Obama, who landed in Madrid late on Saturday night, visited the King for a reception at the Royal Palace in the center of Madrid at 10:30 a.m. local time.
The pair made a short appearance for the press, with Felipe stressing that the United States was "a friend and a decisive nation on the world," and that Spain and the U.S. shared "principals, values and interests."
In response Obama said that America and Spain "were not just allies, but countries which had the same ideals, among them, freedom and respect for the rule of law," a sentiment he would later repeat following his reunion with Prime Minister Rajoy at his official residence, the Palacio de la Moncloa.
Following discussions lasting around an hour, Obama and Rajoy made declarations which were beamed to the press room in Moncloa via a TV screen.
The pair said they had discussed Brexit and Obama expressed hope that, "negotiations can be managed in a way that does not have adverse effects for Europe and the UK."
"If you believe the exchange of trade, culture and ideas can be a good thing, then it has to be accompanied with policies which ensure workers have fair wages and that the social system is strengthened for the 21st century and addresses environmental issues," Obama said.
Rajoy said Spain would "have a constructive attitude in negotiations with the UK," and that the two leaders had also spoken about "refugees and the problems of Libya and Syria and the need to resolve them as soon as possible.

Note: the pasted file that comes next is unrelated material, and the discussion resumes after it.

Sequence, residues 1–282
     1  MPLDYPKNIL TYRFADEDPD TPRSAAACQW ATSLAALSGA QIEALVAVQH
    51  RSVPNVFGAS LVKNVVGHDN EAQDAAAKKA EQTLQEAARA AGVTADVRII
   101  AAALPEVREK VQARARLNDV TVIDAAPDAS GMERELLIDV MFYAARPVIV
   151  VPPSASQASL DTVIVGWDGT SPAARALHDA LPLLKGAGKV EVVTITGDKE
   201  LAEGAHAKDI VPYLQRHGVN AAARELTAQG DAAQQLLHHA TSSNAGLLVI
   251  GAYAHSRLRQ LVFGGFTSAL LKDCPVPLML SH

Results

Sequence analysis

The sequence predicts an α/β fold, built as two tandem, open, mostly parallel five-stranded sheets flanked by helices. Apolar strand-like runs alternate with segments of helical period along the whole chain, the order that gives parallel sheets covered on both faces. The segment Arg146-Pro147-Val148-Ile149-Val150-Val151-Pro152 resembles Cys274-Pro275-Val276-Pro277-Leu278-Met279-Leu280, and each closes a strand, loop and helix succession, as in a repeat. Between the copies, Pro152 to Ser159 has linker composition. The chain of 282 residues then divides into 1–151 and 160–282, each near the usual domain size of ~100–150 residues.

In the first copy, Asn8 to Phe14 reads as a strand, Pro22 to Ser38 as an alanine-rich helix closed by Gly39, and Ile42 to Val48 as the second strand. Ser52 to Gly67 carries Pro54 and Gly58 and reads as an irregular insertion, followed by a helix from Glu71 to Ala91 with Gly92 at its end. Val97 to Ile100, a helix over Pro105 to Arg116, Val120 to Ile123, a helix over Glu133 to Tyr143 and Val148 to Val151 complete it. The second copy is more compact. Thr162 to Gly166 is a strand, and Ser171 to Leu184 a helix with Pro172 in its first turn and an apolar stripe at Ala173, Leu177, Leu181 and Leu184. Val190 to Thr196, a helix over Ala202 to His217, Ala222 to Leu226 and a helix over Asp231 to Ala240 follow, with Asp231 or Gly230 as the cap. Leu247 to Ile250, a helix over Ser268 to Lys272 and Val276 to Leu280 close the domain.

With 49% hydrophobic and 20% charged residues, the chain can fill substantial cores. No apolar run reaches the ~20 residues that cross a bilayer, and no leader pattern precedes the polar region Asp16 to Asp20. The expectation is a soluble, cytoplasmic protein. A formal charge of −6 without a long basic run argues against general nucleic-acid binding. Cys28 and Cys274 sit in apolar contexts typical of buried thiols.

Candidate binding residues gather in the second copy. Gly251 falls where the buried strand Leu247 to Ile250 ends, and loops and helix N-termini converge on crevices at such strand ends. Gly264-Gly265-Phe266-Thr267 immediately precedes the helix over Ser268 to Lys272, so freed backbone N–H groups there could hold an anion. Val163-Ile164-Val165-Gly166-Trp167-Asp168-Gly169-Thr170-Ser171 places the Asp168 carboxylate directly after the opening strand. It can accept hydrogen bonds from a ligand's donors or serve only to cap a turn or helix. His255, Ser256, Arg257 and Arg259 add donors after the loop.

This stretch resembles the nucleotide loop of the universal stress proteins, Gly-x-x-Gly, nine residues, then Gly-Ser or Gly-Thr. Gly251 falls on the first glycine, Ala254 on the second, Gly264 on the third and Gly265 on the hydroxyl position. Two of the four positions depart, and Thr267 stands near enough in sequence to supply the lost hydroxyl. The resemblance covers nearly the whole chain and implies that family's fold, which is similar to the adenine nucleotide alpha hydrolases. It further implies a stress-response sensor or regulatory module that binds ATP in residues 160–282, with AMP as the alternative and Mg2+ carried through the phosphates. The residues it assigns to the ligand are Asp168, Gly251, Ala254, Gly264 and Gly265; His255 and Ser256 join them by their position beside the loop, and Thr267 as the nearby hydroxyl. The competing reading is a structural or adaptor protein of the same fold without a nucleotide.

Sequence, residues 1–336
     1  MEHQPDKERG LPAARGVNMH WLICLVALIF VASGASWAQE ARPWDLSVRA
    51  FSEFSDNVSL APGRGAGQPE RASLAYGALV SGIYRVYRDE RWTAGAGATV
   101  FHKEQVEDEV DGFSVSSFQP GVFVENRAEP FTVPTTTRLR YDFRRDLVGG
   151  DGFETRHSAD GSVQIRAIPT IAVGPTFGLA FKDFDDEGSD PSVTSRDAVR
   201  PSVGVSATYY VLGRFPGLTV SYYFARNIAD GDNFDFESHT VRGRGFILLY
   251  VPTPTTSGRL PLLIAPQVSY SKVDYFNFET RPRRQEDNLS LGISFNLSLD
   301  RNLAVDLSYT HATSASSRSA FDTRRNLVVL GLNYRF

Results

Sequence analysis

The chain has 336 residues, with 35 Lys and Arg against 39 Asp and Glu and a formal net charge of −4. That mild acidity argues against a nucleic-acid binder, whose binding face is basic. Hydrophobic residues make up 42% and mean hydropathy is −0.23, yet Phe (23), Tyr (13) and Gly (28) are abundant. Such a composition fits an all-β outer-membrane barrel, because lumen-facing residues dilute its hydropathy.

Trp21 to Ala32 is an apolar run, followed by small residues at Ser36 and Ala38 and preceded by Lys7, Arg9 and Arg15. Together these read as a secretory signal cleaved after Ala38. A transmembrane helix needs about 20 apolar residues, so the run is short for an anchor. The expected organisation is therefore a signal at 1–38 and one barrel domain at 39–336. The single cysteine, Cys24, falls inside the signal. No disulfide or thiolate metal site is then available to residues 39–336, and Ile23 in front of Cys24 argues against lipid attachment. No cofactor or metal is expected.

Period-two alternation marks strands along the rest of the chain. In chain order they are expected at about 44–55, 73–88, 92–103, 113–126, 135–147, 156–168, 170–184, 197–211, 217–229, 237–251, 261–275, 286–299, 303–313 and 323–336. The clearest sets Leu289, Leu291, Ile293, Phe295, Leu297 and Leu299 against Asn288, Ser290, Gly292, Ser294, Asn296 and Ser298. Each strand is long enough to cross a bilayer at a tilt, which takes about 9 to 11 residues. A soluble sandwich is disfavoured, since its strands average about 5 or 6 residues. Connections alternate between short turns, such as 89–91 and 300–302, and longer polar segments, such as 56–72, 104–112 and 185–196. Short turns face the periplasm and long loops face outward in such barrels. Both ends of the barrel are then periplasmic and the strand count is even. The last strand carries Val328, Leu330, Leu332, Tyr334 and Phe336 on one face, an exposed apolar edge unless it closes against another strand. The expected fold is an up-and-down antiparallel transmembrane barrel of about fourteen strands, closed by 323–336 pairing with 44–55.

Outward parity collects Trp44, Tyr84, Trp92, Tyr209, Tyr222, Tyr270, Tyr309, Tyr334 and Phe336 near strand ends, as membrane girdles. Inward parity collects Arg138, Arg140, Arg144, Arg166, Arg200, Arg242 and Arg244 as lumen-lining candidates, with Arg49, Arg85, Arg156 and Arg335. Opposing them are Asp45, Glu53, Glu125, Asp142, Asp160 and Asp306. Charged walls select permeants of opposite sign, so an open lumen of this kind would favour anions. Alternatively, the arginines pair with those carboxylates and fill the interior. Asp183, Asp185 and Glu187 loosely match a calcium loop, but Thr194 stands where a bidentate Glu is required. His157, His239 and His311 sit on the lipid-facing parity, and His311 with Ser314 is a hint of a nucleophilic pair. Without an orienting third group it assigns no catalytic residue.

Both highlighted the close ties between Spain and the United States, which were strengthened by the large "Spanish speaking community" in America.
After concluding his meeting with Rajoy, Obama flew from the military airport of Torrejon, just outside of Madrid, to the U.S. military base at Rota in the southwest of Spain.
There he addressed the 3,000 U.S. troops and civilians living there, telling them the U.S. "couldn't ask for a better ally than Spain," before taking off to return to Washington DC at 8 p.m. local time.
The schedule of Obama's visit to Spain was changed at short notice on Saturday as a result of the shooting of 5 police officers in Dallas. As a result he was in Spain for less than 24 hours and was forced to drop a planned visit to the city of Seville.
Security measures were high during Obama's brief time in the country, but that didn't stop protestors from environmental group Greenpeace hanging a large banner protesting against TTIP negotiations from a building on Madrid's Gan Via.